The second record of land purchase for Jacob was the 80 acres obtained from Jacob's son-in-law David Oaks recorded in the spring of 1861.  This was low land to the south west of the Soscol House bounded by the Napa River on its west side.  This was called “swamp” land as most of it was of low elevation and subject to flooding during high water.  However, within this 80 acres there is a piece of high ground that has been called “Green Island” (#2 on map & table).  This would literally be an island during flood stage and would be the natural place to have buildings that would be “high and dry” when the surrounding land was inundated.  It was initially believed that this was where the Anderson family lived, at least for part of the residency in the Soscol area.  It was in three areas around Green Island that Jacob had over 900 acres surveyed in the fall of 1861 (#3, #4, #5 on map & table).  County records indicate that Jacob purchased at least the most southern portion (#3) of these surveyed lands from the County in 1863. It is possible that either Jacob or his sons owned other parts of this land that was referred to as “Swamp and Overflowed Lands.”  At Jacob’s death, it is clear from the probate records that he then owned the Green Island (#2) and the southern portion (#3) of these lands for the total of 555 71/100 acres.  Much of this low land adjacent to the lower Napa River was “diked off … during the 1850s for hay production and cattle grazing.” 4  This is consistent with Slooper historian Rosdail’s statement that, “Jacob prospered at raising grain and live-stock” and was successful in farming this land in spite of its “unsavory” description. 5


            Green Island is located near the end of the Green Island Road which runs west from Highway 29 south of the Napa Airport.  There are reports of a very old house that stood on the north edge of this island for many years.  Two additional houses were moved to the “island” in the 1950’s.  The large old house was reportedly torn down many years ago, probably in the 1960's, but the other two houses still stand with one occupied by the present caretaker of the property. The area around Green Island has been used for salt evaporation for many years, first by the Leslie Salt Company starting in the early 1950’s and later by Cargill Salt.  Cargill stopped salt production in this general area in the early 1990’s and sold the land to the State.  The State Department of Fish and Game is currently taking over management of this area. Looking at this land today, after decades of being used for salt production, it is difficult to imagine how it looked in full farm production in the 1860’s.  One must remember that just a little to the north of this “tule” area, the noted agriculturist, Simpson Thompson, in the 1850’s turned similar land “into a verdant meadow and the surrounding 800 acres into a showplace of fruit trees, ornamental trees, vineyards, flowers and vegetable gardens.” 6 


            Little is known about the “quarter section” or 160 acre square block of land in the northeast portion of Section 1  (#6 on map & table) other than its location and that it was deeded by Jacob and Serena to their son Andrew J. in May of 1862.  Today this parcel holds a prominent and visible location adjacent to two busy area roads, State Highway 12 between highways 29 and 80, and North Kelly Road (old highway).  Highway 12 runs closely along this parcel’s southern edge, and N. Kelly Rd. lies just inside the western edge.  Floyd Stone believes this could be a "homesteaded" piece of land.  It could also be that it was in this area that the "other 30 acres" purchased from Frisbie was located.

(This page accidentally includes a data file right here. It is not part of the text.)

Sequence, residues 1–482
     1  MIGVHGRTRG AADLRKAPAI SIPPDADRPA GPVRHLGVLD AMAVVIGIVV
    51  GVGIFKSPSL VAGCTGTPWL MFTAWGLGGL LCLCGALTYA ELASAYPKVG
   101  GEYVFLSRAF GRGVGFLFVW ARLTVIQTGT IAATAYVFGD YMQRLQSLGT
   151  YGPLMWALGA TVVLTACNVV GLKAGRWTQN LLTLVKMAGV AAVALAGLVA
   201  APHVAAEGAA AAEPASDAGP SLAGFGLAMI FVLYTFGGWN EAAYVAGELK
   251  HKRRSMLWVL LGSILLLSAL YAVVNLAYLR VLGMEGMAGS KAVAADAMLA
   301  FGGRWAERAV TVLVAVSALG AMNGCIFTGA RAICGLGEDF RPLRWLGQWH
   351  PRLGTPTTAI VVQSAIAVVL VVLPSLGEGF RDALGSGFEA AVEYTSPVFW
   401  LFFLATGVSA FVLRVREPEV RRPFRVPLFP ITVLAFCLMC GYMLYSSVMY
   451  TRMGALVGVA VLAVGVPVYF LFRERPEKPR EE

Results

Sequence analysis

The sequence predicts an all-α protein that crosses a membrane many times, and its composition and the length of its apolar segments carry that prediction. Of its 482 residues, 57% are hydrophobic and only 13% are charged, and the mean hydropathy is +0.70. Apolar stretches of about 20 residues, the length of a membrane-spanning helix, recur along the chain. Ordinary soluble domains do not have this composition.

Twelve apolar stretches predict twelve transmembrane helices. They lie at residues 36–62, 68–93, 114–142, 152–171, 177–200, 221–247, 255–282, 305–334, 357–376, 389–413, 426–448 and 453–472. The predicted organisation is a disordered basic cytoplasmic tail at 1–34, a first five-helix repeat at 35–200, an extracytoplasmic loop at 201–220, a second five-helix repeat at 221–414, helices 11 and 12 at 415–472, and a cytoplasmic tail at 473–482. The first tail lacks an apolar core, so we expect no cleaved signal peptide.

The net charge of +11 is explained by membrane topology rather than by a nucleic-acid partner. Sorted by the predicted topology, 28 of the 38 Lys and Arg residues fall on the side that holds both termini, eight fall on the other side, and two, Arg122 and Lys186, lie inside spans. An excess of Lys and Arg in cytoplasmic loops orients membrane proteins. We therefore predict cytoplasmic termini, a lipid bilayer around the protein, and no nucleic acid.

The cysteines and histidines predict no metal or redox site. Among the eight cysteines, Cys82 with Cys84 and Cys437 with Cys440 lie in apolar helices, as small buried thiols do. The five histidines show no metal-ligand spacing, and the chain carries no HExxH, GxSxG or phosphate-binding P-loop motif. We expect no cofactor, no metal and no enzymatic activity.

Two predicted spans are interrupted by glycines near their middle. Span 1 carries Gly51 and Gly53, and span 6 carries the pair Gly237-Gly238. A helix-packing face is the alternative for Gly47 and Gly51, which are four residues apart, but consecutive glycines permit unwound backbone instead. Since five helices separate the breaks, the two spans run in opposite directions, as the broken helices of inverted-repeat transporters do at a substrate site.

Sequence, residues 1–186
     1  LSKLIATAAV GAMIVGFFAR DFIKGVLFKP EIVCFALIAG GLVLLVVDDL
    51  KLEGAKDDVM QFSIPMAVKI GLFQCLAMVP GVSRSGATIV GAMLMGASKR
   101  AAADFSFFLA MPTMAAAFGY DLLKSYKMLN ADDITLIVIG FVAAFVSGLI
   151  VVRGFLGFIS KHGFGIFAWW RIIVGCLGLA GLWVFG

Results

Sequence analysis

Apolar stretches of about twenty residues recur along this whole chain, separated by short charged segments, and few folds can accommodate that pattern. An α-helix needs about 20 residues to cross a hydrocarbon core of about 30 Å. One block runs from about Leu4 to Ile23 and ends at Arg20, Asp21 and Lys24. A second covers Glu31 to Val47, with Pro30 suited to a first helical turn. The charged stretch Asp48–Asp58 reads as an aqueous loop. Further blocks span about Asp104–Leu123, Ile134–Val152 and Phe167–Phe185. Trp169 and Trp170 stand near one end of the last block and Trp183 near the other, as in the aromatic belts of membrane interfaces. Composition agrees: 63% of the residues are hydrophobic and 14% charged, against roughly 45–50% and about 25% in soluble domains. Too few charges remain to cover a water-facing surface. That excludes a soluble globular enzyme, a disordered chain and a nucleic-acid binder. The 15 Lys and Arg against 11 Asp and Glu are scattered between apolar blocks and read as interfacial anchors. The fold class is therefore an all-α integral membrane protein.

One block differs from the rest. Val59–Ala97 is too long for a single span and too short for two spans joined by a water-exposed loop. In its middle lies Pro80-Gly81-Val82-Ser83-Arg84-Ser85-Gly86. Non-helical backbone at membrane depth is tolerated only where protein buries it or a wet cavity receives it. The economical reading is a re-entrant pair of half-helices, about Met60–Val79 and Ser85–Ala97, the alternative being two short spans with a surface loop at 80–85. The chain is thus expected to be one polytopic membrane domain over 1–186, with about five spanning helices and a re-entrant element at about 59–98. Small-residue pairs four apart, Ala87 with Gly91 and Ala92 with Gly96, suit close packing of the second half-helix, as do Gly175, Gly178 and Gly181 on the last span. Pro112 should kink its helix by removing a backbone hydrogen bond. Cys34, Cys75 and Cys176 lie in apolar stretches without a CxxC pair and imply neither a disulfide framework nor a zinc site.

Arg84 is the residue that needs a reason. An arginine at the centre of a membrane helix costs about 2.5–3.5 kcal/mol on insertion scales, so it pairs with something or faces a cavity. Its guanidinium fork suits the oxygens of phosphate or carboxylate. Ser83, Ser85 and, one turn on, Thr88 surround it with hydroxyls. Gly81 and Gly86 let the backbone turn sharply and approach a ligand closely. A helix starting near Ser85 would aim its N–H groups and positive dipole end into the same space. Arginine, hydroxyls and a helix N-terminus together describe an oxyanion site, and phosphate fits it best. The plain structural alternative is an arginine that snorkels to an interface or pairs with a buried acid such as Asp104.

Even less is known about the 320 acres (#7 on attached table) that were transferred from Andrew J. to Jacob on the same date as #6 above.  It is possible that this could be the northern portion of “Swamp & Overflowed Lands” surveyed in 1861, Survey No. 98 (#5 on map & table).


             Many questions remain about these land transactions and the lives of the Anderson family during these early years.  Did this family actually settle in this Soscol area when they first came to California or could they have lived elsewhere first?  There has always been unclear connections between this family and the area of Jackson in the gold country's Amador County.  Some have suggested that the family might have first been "squatters" in the Soscol area before purchasing property.  This apparently was a common practice in this area at that time, but this does not seem to have been the pattern with this family, at least in the past.


                The question remains regarding the location of the "Mountain House near Suscol" where Martha Anderson's husband, Augustus Wheeler, died in 1862.  Could this have been on the low mountain in Section 36 just east of the Soscol House?  Could that have been on land belonging to the Andersons?


                And why did this family leave this area with most members moving back to their Iowa farm land?  Hopefully, future research might shed some light on these questions.








  1. Gardner, David.  "Suscol in Napa County An Historic Report 1835-1977." Feb. 1977.
  2. Delaplane, Kristin.  Vallejo: Dignified in face of adversity,” Echoes of Solano’s Past; TheReporter.Com, Sept. 24, 1995.
  3. “Judge Wallace’s Opinion,” Napa County Reporter, Saturday, April 9, 1870 (copy furnished by Floyd Stone, Nov. 2003).
  4. “S.1 Project Background; [PDF] Summary.” Napa River Salt Marsh Restoration Project, Draft Environmental Impact Report/Environmental Impact Statement, April 2003, p. S-1; as found online at: DEIR/text/Summary_DT.pdf
  5. Rosdail, J. Hart.  The Sloopers; Their Ancestry and Posterity; The Story of the People on the Norwegian Mayflower, The Sloop, "Restoration."Broadview, IL: Norwegian Slooper Society of America, 1961, p. 425.
  6. Laurence, Bee. “Thompson Turned Land Into Showplace,” The Napa Register Vintage 200, date unknown, pp. 28-29 (copy furnished by Floyd Stone.)